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Most Helpful Customer Reviews on (beta) 62 reviews
48 of 49 people found the following review helpful
Michael Jackson, shock therapy, Jenny Craig mixed with humor.....who could resist? Nov. 3 2011
By Kcorn - Published on
Format: Kindle Edition Verified Purchase
This review is based on the Kindle edition.

Reading a Carrie Fisher book is a wild trip indeed, full of stream of consciousness writing mixed with a strong dose of humor. The result? Revelations and opinions that are totally refreshing compared to so much tepid writing and so-called "confessions" out there.

Fisher can definitely NOT be described as tepid. Given the day and time she could be described as depressed or hyper, a loyal friend or a shopaholic. She fights to keep weight off and recently shed weight with the aid of (as Fisher puts it).." "my unexpected ship...the S.S. Jenny Craig." Yep, she used the Jenny Craig program in spite of the fact that she'd have to reveal her hefty body to the public before taking off the weight. Not an easy task.

But for me it is her unique humor that make her books, including Shockaholic, stand out from the crowd. Who else would write: "One could argue that by having regular ECT treatments, I'm paying two- that's right, two electric bills. One for the house and one for the head."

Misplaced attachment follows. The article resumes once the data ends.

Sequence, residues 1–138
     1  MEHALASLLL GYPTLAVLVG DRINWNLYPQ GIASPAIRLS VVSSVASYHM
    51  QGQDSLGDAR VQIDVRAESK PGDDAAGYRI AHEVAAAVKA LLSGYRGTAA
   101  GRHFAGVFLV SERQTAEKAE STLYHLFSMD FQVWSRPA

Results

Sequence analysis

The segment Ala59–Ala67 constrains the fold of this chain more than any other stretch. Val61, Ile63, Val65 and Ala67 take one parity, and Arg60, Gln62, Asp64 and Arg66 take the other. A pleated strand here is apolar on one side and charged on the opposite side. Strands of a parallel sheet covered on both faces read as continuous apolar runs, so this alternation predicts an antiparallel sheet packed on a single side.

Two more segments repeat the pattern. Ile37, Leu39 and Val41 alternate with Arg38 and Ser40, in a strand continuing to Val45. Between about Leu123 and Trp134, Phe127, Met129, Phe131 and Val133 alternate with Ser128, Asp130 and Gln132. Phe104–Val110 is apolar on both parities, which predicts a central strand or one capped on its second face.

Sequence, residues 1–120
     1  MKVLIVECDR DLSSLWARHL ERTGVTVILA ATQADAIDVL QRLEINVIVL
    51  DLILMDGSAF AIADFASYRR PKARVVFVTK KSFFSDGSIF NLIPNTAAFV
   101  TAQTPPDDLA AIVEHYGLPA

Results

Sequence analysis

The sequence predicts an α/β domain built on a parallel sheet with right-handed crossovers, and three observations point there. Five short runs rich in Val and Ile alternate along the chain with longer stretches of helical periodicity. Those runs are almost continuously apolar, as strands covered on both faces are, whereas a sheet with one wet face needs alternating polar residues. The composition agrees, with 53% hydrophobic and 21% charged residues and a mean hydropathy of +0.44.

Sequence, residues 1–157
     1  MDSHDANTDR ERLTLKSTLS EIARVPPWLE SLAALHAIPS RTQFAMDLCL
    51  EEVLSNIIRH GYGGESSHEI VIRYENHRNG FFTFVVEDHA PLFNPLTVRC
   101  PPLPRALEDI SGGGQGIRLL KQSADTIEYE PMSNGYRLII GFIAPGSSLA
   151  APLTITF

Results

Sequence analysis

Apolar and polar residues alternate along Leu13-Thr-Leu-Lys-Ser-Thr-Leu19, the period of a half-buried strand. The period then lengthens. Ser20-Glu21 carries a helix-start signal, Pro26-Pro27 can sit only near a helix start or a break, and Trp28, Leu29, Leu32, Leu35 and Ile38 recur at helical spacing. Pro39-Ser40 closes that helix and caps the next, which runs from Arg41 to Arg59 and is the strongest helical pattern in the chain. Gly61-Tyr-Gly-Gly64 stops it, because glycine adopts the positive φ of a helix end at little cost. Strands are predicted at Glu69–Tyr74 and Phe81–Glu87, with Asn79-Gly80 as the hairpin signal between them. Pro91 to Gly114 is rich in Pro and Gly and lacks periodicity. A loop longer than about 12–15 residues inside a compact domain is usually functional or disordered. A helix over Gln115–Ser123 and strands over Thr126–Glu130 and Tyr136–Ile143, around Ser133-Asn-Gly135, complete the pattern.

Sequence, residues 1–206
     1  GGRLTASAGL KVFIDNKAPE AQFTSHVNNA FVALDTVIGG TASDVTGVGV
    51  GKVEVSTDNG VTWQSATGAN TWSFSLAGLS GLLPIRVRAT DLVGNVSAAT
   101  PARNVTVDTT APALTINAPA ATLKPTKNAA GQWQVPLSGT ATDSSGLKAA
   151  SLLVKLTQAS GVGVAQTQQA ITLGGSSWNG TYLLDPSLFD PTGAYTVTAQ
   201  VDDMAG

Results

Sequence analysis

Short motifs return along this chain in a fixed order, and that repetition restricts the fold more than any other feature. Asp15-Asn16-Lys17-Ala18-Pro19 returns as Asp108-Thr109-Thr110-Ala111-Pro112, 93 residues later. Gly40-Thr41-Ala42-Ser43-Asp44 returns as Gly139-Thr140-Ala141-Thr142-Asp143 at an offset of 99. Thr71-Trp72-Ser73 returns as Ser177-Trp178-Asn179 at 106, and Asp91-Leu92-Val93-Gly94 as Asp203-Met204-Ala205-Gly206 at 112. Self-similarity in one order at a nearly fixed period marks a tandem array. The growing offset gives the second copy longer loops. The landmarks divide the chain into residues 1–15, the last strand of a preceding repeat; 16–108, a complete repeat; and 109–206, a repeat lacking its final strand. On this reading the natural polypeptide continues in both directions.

In between the humor are serious messages. Electroshock therapy may help when other depression treatments fail. Like so many others, Fisher was terrified to try it but it helped her immensely. With so many ashamed to admit that they struggle to remain semi-balanced and functioning, Shockaholic could take away some of the stigma.

Not that the book focuses only on electroshock treatments. Fisher doesn't avoid making fun of herself while sharing her views on a variety of topics. Michael Jackson. Elizabeth Taylor. The details of a wildly surreal conversation with Senator Kennedy. Memories of visiting Michael Jackson's Neverland estate.

In light of recent events (as of the book's publication), I found Fisher's info about Arnie Klein (Jackson's dermatologist) to be particularly intriguing. There is, in fact, a complete chapter on Michael Jackson and his super celebrity status as well as Fisher's experiences with Klein.